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    Central sleep apnea

    Sleep apnea - central

    Central sleep apnea is a sleep disorder in which breathing stops over and over during sleep.

    Causes

    Central sleep apnea results when the brain temporarily stops sending signals to the muscles that control breathing.

    The condition often occurs in people who have certain medical problems. For example, it can develop insomeone who hasa problem with the brainstem, which controls breathing.

    Conditions that can cause or lead to central sleep apnea include:

    • Problems that affect the brainstem (the brainstem controls breathing) including brain infection, stroke, or conditions of the cervical spine (neck)
    • Parkinson disease
    • Obesity
    • Certain medicines,such as narcotic painkillers
    • Heart failure

    If the apnea is not associated with another disease, it is called idiopathic central sleep apnea.

    A condition called Cheyne-Stokes respiration can mimic central sleep apnea. This involves breathing to a variable depth, usually while sleeping.

    Central sleep apnea is not the same as obstructive sleep apnea. With obstructive sleep apnea, breathing stops and starts because the airway is narrowed or blocked. But a person can have both conditions, such as with a medical problem called obesity hypoventilation syndrome.

    Symptoms

    Persons with central sleep apnea have episodes of disrupted breathing during sleep.

    Other symptoms may include:

    • Chronic fatigue
    • Daytime sleepiness
    • Morning headaches
    • Restless sleep

    Other symptoms may occur if the apnea is due to a problem with the nervous system. Symptoms depend ontheparts of the nervous system that are affected,and may include:

    • Swallowing problems
    • Voice changes
    • Weakness or numbness throughout the body

    Exams and Tests

    The health care provider will perform a physical exam. Tests will be done to diagnose an underlying medical condition. A sleep study (polysomnography) can confirm sleep apnea.

    Other tests that may be done include:

    • Echocardiogram
    • Lung function
    • MRI of the spine or neck

    Treatment

    Treating the condition that is causing central sleep apnea can help manage symptoms. For example, if central sleep apnea is due to heart failure, the goal is to treat the heart failure itself.

    Devices used during sleep to aid breathing may be recommended. These include nasal continuous positive airway pressure (CPAP), bilevel positive airway pressure (BiPAP) or adaptive servo-ventilation (ASV). Some types of central sleep apnea are treated with medicines that stimulate breathing.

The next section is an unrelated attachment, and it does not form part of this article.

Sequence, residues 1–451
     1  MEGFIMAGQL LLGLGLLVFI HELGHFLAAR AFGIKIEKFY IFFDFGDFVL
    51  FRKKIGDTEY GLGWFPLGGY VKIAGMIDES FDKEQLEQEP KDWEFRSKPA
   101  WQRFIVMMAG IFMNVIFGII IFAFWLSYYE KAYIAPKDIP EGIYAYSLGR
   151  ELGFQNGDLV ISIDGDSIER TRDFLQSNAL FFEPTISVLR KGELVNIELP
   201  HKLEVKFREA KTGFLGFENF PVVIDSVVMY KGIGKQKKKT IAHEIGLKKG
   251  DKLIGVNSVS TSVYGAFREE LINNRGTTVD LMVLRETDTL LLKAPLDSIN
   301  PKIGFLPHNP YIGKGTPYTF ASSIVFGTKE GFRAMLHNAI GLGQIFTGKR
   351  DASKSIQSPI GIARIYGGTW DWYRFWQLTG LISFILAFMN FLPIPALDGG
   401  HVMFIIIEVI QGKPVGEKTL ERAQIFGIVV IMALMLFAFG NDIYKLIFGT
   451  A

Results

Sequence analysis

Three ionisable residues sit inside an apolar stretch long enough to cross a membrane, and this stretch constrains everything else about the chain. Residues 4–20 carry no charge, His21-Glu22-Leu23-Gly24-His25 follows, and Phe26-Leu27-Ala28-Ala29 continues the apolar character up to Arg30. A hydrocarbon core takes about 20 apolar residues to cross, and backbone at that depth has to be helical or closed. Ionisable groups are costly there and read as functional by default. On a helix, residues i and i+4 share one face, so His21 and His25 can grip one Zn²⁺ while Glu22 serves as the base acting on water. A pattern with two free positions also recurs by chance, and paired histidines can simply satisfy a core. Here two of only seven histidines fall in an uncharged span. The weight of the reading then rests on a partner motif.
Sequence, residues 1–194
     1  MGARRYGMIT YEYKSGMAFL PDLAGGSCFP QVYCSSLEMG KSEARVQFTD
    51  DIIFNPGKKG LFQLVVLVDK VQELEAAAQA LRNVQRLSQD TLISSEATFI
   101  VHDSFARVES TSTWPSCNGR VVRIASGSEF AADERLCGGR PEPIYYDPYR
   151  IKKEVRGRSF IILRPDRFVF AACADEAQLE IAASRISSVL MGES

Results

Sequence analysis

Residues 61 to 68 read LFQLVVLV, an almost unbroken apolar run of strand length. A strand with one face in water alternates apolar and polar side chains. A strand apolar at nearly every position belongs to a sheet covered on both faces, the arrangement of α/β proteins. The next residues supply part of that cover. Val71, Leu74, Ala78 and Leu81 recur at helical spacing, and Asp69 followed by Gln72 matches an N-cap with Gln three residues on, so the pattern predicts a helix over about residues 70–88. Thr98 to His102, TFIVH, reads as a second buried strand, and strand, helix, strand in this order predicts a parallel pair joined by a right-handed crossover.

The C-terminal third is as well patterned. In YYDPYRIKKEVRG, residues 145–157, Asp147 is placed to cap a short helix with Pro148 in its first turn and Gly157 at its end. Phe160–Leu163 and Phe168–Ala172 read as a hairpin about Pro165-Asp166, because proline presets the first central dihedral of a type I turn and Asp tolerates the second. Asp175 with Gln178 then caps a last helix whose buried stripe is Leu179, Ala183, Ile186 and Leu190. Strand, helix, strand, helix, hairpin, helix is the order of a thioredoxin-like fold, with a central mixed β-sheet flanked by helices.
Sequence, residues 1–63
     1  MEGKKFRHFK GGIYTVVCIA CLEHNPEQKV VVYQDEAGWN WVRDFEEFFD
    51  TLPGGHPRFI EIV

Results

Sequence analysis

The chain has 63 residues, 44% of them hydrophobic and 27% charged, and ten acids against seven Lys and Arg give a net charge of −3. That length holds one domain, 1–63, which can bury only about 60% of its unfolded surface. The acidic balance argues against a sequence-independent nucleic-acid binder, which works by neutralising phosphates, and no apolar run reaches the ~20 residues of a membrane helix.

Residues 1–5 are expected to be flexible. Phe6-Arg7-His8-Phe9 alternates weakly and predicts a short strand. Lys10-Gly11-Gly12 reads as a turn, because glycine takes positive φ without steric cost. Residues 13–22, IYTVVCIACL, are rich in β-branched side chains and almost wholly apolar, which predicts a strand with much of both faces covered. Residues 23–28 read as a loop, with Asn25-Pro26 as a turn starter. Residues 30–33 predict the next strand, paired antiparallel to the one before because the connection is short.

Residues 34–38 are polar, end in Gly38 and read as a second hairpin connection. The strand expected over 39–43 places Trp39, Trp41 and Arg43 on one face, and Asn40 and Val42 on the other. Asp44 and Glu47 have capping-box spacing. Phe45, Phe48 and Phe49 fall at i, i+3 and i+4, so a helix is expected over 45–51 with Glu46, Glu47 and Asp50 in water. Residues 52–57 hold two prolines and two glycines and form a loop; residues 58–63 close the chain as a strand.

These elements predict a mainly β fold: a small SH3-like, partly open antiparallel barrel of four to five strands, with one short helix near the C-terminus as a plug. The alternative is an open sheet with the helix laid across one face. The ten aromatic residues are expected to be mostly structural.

Oxygen treatment may help ensure the lungs get enough oxygen while sleeping.

    If narcotic medicine is causing the apnea, the dosage may need to be lowered or the medicine changed.

    Outlook (Prognosis)

    How well a patient does depends on the medical condition causing central sleep apnea.

    The outlook is usually favorablefor personswith idiopathic central sleep apnea.

    Possible Complications

    Complications may result from the underlying disease causing the central sleep apnea.

    When to Contact a Medical Professional

    Call your health care provider if you have symptoms of sleep apnea. Central sleep apnea is usually diagnosed in patients who are already severely ill.

    References

    Aurora RN, Chowdhuri S, Ramar K, et al. The treatment of central sleep apnea syndromes in adults: practice parameters with an evidence-based literature review and meta-analyses. SLEEP. 2012;35:17-40.

    Pien GW, Pack AI. Sleep disordered breathing. In: Mason RJ, Broaddus VC, Martin TR, et al, eds. Murray and Nadel’s Textbook of Respiratory Medicine. 5th ed. Philadelphia, Pa: Elsevier Saunders; 2010:chap 79.

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                Review Date: 7/20/2013

                Reviewed By: Denis Hadjiliadis, MD, Associate Professor of Medicine, Pulmonary, Allergy, and Critical Care, Perelman School of Medicine, University of Pennsylvania, Philadelphia, PA. Also reviewed by David Zieve, MD, MHA, Bethanne Black, and the A.D.A.M. Editorial team.

                The information provided herein should not be used during any medical emergency or for the diagnosis or treatment of any medical condition. A licensed medical professional should be consulted for diagnosis and treatment of any and all medical conditions. Links to other sites are provided for information only -- they do not constitute endorsements of those other sites. © 1997- A.D.A.M., Inc. Any duplication or distribution of the information contained herein is strictly prohibited.
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